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Don’t leave your down payment for the last minute. Gathering funds as soon as possible will save you time and energy later.

If you’re shopping for a house, you should already be thinking about your down payment.

Partially, this is because your down payment has a big impact on what you can afford. While there are many options for low down payment mortgages — with down payments as low as 3%, or even zero — the bigger the down payment you have, the more flexibility you have.

But when you do find the home you like, you’re going to want to make sure that your down payment is already gathered together as much as you can and fully documented, so that underwriters — the people at your lender who ultimately decide whether your loan can go forward — can quickly understand and decide on  your loan.

So how can you do this? Here’s a quick list of dos and don’ts to get yourself ready for mortgage underwriting and approval.

Down Payment Do’s

  • DO research your down payment assistance options. There are a number of national, state, and local down payment assistance programs available for first time homebuyers and others. Talk to your loan officer or realtor about which ones you may be eligible for.
  • DO know how gift funds are treated differently, and document them. Gift funds are financial contributions to your down payment from immediate family members. For FHA loans, gift funds can also  come from organizations like employers, charities, or governmental institutions. Different loan programs will allow different amounts of gift funds as part of your down payment — for example, FHA loans allow 100% of your down payment to come from gift funds. All gift funds must be documented by a gift letter (see a sample) stating the amount of the gift and attesting that the gift is truly a gift, and not a loan in disguise. You loan officer can provide you with a copy of this letter.
  • DO consider your IRA as a funding source. If you’re a first time homebuyer, or you haven’t owned a home in two years, you can withdraw $10,000 from your IRA for the purchase of a new home without penalty. Note that you need to use those funds within 120 days of withdrawal, so don’t pull them out until you’re sure you’re going to use them. (If your IRA is a Roth IRA, you will need to have had the IRA for at least 5 years.)
  • DO put all your down payment funds in one account as soon as possible. Underwriters — the people at mortgage companies who decide if you get approved for your mortgage — have to understand the source and movement of all your down payment funds going back at least 60 days. The more sources of funds you have, the more places that need to be documented — which can cause closing delays. To make things easier, gather your money in one bank account — the one you plan to make your final payment from — as soon as you can.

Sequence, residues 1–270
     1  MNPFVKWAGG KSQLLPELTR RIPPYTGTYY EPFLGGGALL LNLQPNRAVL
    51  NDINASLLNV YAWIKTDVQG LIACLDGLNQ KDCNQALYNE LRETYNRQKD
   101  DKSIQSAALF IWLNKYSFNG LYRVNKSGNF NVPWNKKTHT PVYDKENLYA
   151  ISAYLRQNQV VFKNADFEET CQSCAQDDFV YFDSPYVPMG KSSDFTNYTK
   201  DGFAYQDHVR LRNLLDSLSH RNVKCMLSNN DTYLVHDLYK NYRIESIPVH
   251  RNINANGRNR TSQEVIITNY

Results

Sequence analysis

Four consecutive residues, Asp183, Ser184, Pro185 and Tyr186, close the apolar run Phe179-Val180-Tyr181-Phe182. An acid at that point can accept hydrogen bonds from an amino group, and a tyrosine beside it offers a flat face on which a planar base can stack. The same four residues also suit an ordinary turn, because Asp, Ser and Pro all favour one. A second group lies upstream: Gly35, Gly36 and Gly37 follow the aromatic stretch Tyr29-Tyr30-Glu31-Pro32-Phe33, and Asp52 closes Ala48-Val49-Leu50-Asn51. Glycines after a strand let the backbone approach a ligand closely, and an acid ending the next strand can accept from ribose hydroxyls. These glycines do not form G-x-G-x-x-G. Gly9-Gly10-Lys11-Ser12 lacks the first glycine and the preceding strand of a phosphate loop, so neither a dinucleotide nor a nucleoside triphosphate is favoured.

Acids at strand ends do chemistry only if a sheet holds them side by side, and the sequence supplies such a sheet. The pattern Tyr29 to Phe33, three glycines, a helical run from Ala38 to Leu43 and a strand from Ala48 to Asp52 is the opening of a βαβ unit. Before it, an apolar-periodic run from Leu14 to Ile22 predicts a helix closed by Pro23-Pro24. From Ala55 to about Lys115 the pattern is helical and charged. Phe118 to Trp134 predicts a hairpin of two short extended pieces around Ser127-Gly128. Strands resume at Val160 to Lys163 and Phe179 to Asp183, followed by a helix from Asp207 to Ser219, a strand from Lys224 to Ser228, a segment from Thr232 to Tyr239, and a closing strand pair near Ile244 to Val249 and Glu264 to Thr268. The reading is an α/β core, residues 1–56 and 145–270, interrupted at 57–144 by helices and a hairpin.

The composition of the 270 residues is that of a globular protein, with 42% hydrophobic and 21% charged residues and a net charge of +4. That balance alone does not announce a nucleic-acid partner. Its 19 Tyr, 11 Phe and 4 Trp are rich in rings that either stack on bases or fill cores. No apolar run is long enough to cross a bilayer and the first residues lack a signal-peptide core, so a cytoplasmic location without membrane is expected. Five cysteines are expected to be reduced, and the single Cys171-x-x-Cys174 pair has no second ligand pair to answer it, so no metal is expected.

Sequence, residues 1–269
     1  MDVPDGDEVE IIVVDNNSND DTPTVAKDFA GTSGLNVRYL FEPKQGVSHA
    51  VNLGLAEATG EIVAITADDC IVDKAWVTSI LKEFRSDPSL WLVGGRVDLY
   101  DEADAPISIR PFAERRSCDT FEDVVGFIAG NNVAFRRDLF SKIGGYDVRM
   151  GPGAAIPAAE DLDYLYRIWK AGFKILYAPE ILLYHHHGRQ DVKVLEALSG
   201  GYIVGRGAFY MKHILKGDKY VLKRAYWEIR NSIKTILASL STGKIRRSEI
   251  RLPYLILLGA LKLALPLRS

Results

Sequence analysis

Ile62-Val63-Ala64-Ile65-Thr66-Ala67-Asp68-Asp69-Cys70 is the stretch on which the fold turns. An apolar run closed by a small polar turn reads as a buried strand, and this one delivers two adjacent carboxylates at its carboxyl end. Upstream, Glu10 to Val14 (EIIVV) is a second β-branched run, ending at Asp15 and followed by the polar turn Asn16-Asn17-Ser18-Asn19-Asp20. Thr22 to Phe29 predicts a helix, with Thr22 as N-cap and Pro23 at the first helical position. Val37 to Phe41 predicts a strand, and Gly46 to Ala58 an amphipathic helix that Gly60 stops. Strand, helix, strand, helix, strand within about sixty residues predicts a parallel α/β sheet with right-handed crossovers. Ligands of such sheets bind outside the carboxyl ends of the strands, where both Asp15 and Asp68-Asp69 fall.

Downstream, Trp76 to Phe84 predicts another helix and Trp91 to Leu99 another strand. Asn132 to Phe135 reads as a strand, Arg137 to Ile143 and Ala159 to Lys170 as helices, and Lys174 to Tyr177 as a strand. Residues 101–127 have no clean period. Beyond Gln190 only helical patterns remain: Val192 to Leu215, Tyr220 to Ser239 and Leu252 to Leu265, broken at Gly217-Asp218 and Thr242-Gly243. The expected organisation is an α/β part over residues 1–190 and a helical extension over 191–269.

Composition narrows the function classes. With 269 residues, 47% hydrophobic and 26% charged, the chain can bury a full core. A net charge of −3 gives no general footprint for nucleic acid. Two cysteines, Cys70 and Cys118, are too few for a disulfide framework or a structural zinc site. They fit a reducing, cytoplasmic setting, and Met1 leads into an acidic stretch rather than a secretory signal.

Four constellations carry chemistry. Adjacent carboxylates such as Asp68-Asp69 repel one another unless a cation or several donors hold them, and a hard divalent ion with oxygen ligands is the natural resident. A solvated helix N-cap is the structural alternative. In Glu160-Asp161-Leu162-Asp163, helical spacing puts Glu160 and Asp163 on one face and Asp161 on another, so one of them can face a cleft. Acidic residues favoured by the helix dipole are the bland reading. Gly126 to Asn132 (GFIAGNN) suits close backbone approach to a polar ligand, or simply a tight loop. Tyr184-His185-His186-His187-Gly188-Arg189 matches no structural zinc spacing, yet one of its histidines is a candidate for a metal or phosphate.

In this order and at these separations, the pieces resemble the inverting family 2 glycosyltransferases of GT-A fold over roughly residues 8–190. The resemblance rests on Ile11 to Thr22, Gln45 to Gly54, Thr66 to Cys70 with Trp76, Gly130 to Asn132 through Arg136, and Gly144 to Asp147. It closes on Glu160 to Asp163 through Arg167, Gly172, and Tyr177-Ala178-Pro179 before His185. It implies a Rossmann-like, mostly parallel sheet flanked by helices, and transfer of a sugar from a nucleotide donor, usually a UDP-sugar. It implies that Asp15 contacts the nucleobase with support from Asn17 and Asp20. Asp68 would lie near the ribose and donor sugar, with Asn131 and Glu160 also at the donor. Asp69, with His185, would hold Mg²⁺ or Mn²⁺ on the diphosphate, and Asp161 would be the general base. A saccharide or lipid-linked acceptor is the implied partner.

• DO use your credit as usual and make all your payments on time. Late payments can hurt your credit situation, and you don’t want that. You especially don’t want to be late on any big ticket payments, such as for mortgages or cars.

Down Payment Don’ts

  • DON’T change your credit situation. Don’t apply for new lines of credit, max out your credit cards, consolidate your debt, or take other actions that will affect your credit score.
  • DON’T add a new source of funds at the last minute. Every source of funds for your down payment needs to be documented and verified by your lender. (This process is sometimes called “sourcing.”) When you add another account, your lender will need to see bank statements for the previous 60 days and verify where that money came from, slowing down your closing.
  • DON’T make large unexplainable deposits. Underwriters will question the source and movements of any mysterious cash that appears in your accounts. You will need to establish a paper trail for the source of those funds.

If you have any questions about how to handle down payments, just talk to us Newfi. You can call us at 888-316-3934 or use our contact form.


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